Nutricia said they strive to be a responsible and compliant advertiser. They were taking steps to reduce the likelihood of this issue happening again, including improved training and guidelines. This would strengthen the way they review materials, including podcast advert transcripts, from legal and regulatory perspectives.
On both issues, Acast, responding on behalf of Chris and Rosie Ramsey, said they had nothing further to add to Nutricia’s response.
The CAP Code stated that except for those in a scientific publication or, for the purposes of trade before the retail stage, a publication of which the intended readers were not the general public, marketing communications for infant formula were prohibited. Additionally, marketing communications must not confuse between infant formula and follow-on formula.
The ad began by referencing the C&G baby club. However, the main content of the ad was the discussion of formula milks generally and A2 protein milk formula specifically. We therefore considered that while the ad was for the C&G baby club, it also served the purpose of advertising formula milk.
We acknowledged that Nutricia said they used the term “formula milks” as a generic term when referring to the baby milk category. We considered that consumers would likely understand the references to ‘formula’ to mean they were talking about both infant formula and follow-on formula. The podcast host also used the term “infant formula” towards the end of the ad, which we considered reinforced the impression that the ad was referring to infant formula or to both infant and follow-on formula. We therefore considered the ad confused between infant formula and follow-on formula and also had the effect of advertising infant formula.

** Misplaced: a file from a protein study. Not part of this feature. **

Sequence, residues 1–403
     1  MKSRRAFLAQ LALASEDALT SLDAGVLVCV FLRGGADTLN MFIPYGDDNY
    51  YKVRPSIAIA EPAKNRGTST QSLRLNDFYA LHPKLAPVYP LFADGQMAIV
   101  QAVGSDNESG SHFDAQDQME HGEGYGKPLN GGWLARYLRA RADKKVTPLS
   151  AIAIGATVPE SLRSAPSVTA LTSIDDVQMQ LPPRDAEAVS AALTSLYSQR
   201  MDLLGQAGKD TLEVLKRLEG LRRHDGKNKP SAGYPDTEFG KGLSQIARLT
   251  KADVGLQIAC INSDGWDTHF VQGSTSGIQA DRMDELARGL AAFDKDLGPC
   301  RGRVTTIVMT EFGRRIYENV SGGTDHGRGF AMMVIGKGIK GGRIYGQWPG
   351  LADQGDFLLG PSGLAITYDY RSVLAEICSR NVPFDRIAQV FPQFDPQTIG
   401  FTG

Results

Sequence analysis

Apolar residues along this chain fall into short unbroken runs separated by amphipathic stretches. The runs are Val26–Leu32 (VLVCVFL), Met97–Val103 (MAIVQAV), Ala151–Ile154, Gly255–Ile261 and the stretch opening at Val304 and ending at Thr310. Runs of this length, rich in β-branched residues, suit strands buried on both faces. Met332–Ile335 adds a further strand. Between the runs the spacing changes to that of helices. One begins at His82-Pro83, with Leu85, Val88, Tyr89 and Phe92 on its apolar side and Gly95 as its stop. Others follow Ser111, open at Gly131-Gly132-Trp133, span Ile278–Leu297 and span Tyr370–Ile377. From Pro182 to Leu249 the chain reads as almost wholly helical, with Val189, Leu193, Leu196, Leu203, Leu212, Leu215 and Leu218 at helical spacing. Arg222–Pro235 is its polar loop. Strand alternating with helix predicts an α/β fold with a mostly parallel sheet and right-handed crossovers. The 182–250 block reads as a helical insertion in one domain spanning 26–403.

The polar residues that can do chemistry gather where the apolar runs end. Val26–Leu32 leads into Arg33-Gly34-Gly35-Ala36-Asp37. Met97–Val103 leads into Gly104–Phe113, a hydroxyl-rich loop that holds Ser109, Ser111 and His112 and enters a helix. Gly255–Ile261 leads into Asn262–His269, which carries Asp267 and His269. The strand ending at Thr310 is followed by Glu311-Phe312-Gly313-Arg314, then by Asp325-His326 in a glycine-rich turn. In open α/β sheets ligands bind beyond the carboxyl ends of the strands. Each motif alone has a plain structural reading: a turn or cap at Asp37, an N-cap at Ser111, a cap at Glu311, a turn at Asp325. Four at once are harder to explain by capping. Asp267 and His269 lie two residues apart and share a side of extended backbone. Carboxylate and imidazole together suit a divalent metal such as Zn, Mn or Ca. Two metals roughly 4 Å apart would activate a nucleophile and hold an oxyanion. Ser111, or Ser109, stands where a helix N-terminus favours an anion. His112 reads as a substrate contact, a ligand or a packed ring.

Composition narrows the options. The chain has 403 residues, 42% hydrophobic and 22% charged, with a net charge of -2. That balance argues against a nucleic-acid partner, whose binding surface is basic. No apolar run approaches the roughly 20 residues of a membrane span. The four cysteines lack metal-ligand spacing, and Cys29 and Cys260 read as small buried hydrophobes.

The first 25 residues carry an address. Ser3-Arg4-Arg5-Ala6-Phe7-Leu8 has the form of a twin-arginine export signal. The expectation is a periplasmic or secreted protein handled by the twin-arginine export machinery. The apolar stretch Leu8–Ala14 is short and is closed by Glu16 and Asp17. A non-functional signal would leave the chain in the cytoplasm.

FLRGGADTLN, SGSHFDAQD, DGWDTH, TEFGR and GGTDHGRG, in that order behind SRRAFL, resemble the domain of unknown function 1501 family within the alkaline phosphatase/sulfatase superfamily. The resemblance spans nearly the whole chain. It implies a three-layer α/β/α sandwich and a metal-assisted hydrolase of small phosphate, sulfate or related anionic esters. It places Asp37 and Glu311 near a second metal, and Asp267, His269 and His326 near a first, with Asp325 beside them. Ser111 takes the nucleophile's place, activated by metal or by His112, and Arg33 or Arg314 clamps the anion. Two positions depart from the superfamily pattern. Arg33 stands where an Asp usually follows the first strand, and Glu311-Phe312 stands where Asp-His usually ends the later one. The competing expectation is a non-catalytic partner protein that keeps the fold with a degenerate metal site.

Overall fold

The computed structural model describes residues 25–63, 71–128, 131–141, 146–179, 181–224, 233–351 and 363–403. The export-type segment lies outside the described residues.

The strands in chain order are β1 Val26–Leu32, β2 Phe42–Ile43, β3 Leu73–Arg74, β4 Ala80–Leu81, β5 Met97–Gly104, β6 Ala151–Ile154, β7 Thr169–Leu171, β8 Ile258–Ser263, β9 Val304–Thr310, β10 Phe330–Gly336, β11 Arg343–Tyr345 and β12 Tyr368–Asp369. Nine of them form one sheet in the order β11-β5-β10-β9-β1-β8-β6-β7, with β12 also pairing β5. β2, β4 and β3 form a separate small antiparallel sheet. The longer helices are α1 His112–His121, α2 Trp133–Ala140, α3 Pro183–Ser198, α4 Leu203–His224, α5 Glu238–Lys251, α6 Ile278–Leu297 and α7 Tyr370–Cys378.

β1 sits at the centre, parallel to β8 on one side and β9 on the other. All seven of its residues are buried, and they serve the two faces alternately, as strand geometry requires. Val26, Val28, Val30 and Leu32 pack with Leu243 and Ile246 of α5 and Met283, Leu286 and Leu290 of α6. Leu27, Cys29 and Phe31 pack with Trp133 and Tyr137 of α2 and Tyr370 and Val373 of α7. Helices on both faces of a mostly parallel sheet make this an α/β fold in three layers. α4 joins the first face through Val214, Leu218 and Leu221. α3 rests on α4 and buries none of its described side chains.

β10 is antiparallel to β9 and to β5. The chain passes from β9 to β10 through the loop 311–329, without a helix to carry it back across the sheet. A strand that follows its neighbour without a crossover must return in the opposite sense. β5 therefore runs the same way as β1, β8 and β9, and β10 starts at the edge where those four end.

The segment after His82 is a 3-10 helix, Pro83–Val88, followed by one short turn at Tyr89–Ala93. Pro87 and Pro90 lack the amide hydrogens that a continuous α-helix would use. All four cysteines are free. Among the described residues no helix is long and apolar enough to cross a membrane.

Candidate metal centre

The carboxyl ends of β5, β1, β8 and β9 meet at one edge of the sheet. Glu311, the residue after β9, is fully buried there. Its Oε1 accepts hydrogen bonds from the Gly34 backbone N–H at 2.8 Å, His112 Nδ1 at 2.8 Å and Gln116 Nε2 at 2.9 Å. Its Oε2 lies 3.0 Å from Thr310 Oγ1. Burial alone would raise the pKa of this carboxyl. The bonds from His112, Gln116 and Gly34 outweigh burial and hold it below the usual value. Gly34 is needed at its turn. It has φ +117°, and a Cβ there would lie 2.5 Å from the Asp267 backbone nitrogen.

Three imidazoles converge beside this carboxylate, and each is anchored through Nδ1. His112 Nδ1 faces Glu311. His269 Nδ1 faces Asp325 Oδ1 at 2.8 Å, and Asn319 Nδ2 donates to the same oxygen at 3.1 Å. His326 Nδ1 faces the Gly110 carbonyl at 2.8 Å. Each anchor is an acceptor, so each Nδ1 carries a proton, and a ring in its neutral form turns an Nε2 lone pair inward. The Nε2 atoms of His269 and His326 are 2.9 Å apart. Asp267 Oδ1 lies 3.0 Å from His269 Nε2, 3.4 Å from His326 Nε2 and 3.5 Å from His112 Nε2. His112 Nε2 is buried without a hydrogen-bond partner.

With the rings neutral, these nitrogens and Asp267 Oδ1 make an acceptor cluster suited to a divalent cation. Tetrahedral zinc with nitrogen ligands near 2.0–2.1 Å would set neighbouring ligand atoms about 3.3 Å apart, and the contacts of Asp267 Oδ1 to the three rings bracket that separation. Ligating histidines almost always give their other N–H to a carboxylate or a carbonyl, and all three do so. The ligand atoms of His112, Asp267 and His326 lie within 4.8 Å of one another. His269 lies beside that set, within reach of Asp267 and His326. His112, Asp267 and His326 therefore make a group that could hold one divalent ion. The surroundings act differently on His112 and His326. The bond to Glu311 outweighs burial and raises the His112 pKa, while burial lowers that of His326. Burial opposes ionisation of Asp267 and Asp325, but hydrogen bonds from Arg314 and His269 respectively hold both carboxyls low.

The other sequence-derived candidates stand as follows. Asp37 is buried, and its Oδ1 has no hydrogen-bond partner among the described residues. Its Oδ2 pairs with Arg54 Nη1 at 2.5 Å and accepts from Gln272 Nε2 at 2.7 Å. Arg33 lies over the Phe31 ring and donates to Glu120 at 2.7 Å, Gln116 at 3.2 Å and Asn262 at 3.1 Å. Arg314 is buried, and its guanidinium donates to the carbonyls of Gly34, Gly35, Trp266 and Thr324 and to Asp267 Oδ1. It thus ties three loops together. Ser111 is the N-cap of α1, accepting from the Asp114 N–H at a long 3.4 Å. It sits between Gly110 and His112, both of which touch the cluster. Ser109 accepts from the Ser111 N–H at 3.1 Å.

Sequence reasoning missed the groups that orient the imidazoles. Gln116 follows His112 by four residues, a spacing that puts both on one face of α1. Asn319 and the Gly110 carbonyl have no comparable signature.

Because the ad confused between infant formula and follow-on formula and had the effect of marketing infant formula, we concluded that it breached the Code.
The ad breached CAP Code (Edition 12) rules 15.10 15.10 Except for those in a scientific publication or, for the purposes of trade before the retail stage, a publication of which the intended readers are not the general public, marketing communications for infant formula are prohibited. and 15.10.1 15.10.1 Marketing communications must not confuse between infant formula and follow-on formula. (Infant and follow-on formula).